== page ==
U.S. and 26 Countries Release Joint Statement on Cybersecurity

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Amidst the United Nations (UN) General Assembly, the United States and 26 other countries released a joint statement on advancing responsible state behavior in cyberspace on Sept. 23.

The United States joined Australia, Belgium, Canada, Colombia, the Czech Republic, Denmark, Estonia, Finland, France, Germany, Hungary, Iceland, Italy, Japan, Latvia, Lithuania, the Netherlands, New Zealand, Norway, Poland, the Republic of Korea, Romania, Slovakia, Spain, Sweden, and the United Kingdom to acknowledge that “state and non-state actors are using cyberspace increasingly as a platform for irresponsible behavior from which to target critical infrastructure and our citizens, undermine democracies and international institutions and organizations, and undercut fair competition in our global economy by stealing ideas when they cannot create them.”

In order to combat the malicious activity in cyberspace, the countries reaffirmed that there must be an “international rules-based order” to “guide state behavior in cyberspace.” To that end, the statement explained that “UN member states have increasingly coalesced around an evolving framework of responsible state behavior in cyberspace (framework), which supports the international rules-based order, affirms the applicability of international law to state-on-state behavior, adherence to voluntary norms of responsible state behavior in peacetime, and the development and implementation of practical confidence-building measures to help reduce the risk of conflict stemming from cyber incidents.”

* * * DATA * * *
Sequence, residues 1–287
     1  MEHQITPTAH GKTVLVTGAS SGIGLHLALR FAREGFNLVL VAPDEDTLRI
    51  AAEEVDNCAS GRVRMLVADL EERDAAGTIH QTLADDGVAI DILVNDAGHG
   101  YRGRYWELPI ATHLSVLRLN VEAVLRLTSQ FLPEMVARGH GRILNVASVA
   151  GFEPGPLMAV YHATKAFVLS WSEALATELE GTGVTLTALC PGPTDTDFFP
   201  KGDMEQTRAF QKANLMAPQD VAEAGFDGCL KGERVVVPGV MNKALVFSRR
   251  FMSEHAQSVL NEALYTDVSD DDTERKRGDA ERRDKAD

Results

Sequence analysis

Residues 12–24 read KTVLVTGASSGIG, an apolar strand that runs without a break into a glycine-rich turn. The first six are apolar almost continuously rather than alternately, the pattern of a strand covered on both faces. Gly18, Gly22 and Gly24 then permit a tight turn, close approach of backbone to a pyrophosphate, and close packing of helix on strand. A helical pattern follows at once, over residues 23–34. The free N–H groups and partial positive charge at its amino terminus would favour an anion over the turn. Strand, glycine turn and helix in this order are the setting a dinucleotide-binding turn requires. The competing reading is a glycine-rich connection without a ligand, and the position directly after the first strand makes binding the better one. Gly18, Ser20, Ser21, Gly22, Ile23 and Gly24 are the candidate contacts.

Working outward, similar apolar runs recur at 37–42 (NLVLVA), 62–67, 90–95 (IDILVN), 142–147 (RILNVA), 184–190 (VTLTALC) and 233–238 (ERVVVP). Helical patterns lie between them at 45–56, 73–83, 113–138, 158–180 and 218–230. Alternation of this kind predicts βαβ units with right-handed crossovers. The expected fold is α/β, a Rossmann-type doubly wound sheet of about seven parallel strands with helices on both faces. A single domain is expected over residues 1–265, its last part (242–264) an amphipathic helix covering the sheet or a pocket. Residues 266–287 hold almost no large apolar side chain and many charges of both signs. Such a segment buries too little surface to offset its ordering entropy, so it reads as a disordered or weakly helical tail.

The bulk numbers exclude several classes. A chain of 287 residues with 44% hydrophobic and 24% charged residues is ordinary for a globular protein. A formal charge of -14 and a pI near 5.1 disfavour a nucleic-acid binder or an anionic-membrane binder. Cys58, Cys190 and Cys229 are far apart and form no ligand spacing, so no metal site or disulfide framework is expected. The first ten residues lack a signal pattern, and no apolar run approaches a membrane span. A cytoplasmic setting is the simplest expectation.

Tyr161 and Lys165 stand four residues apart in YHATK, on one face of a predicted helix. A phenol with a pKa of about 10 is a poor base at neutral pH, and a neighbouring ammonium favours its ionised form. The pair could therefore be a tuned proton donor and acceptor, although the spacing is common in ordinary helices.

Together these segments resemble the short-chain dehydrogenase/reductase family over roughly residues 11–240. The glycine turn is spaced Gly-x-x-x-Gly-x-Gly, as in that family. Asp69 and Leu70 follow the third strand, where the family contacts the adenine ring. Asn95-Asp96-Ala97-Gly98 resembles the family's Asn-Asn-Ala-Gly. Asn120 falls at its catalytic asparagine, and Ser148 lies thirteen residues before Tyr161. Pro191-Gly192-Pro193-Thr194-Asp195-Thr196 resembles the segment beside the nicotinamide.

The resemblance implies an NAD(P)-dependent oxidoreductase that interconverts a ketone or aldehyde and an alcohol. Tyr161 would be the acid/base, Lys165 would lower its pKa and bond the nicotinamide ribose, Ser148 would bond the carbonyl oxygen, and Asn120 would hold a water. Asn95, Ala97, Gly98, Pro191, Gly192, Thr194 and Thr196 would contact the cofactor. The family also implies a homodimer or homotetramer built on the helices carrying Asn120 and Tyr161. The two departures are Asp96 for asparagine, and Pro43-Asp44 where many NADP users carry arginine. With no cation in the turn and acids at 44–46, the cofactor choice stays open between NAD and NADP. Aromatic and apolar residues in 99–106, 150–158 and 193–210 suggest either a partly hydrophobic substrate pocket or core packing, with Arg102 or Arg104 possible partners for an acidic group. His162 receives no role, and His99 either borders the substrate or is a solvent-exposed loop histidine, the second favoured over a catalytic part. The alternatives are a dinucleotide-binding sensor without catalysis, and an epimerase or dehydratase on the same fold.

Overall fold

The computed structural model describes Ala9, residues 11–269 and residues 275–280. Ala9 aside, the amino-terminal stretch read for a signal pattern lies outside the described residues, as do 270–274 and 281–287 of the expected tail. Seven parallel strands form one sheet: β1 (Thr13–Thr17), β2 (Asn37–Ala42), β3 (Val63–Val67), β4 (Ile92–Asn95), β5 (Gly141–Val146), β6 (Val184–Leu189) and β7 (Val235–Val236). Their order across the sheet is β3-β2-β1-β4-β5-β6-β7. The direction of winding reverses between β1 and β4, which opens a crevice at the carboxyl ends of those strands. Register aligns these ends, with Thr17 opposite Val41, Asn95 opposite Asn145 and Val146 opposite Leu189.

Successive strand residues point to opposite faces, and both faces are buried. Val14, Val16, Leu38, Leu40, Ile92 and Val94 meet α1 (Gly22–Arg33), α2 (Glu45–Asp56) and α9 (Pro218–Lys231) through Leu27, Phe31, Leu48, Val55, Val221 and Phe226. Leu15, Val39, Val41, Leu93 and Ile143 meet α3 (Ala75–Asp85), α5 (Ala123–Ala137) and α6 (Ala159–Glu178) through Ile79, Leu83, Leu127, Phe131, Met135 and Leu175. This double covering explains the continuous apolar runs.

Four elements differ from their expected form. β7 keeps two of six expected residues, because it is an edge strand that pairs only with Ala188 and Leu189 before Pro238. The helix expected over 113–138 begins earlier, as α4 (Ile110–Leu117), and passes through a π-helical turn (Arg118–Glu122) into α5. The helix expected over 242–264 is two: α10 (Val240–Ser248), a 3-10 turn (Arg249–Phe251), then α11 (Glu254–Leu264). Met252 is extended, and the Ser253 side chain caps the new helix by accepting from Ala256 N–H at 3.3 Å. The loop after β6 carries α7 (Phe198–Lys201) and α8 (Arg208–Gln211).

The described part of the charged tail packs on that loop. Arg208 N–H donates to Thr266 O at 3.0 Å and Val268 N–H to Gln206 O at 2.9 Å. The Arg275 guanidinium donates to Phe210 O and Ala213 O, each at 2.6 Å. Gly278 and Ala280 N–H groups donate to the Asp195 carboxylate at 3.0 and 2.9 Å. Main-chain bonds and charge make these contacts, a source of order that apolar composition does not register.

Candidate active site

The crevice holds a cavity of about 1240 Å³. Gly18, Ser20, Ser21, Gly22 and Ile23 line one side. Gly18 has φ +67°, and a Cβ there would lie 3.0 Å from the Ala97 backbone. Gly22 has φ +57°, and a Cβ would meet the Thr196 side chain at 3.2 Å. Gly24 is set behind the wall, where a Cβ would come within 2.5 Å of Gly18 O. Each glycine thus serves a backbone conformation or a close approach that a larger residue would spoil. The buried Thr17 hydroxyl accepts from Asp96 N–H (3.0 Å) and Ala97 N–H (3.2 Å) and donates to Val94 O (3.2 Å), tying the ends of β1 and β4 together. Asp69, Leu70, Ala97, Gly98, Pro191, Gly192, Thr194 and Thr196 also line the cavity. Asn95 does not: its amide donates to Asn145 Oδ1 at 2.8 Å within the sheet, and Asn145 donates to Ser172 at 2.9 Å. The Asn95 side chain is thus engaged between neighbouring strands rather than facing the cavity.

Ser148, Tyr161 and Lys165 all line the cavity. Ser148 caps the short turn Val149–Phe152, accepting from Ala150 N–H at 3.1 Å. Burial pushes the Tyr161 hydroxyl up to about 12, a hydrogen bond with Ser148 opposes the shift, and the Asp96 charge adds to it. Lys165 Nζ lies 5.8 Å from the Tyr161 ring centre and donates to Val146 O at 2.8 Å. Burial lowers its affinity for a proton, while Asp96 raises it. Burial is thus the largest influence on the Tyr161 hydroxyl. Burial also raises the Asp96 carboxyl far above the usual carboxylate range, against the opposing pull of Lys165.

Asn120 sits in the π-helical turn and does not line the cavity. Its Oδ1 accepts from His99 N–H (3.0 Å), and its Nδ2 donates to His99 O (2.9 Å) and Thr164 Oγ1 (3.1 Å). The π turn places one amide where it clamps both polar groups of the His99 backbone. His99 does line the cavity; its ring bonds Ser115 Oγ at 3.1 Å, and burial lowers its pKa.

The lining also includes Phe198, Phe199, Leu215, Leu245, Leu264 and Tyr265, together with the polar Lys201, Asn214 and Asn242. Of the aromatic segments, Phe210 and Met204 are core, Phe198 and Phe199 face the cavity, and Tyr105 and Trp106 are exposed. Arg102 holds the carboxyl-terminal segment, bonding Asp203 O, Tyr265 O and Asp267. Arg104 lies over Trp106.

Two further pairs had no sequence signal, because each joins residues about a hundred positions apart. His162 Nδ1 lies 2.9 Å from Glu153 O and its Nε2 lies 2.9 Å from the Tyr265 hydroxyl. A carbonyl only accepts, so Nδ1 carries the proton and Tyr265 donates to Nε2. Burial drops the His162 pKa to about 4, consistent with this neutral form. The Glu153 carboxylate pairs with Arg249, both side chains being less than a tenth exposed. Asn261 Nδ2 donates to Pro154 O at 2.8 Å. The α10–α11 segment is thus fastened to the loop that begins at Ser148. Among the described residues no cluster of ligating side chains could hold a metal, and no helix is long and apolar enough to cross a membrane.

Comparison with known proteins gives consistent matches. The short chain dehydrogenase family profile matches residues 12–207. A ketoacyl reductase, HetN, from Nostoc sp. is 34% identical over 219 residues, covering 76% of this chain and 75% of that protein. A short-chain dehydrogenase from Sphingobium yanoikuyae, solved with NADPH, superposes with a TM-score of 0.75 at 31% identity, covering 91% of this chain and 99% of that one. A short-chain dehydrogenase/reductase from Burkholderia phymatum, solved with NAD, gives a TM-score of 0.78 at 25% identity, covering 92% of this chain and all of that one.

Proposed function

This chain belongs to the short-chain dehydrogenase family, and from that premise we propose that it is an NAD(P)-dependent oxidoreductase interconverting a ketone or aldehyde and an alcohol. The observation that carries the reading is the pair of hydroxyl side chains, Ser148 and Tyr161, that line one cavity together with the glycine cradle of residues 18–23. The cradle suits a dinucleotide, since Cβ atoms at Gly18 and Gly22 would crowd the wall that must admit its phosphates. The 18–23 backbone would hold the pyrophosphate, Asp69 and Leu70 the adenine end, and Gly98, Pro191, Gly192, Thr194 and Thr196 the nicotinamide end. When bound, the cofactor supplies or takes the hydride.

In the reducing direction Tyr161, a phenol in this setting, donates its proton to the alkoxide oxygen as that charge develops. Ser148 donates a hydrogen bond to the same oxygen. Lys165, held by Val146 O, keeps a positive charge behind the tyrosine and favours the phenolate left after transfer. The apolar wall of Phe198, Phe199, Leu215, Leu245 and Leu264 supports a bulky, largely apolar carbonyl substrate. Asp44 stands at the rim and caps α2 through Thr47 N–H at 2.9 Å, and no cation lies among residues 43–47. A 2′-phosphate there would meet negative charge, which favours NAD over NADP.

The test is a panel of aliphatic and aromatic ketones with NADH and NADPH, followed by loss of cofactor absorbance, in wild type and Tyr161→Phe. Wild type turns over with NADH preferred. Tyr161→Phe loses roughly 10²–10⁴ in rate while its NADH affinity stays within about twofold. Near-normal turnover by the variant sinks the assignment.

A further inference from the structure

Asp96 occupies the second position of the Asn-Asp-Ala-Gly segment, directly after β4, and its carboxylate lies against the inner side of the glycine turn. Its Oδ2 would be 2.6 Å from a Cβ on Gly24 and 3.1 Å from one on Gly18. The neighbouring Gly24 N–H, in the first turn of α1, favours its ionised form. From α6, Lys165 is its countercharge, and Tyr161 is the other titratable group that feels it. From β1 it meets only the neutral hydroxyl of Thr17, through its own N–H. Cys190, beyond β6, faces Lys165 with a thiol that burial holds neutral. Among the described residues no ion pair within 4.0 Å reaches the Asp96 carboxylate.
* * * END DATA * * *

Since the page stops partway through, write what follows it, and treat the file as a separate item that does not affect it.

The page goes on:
While there is support for an international framework, the countries said that there must be a global commitment to adhere to, implement, and further develop the guidelines. The statement also encouraged support for the ongoing UN negotiations of the Open Ended Working Group and Group of Governmental Experts. To help smaller nations to implement the framework, the countries said they “support targeted cybersecurity capacity building” as a means to ensure that “all responsible states can implement this framework and better protect their networks from significant disruptive, destructive, or otherwise destabilizing cyber activity.”

While they encourage nation-states to cease any malicious activity in cyberspace, they do acknowledge that some countries may continue to engage in such behaviors online. The group acknowledges that those countries must face consequences. “When necessary, we will work together on a voluntary basis to hold states accountable when they act contrary to this framework, including by taking measures that are transparent and consistent with international law,” the statement says.

The countries say they “call on all states to support the evolving framework and to join with us to ensure greater accountability and stability in cyberspace.”

Kate Polit
About Kate Polit
Kate Polit is MeriTalk's Assistant Copy & Production Editor covering the intersection of government and technology.

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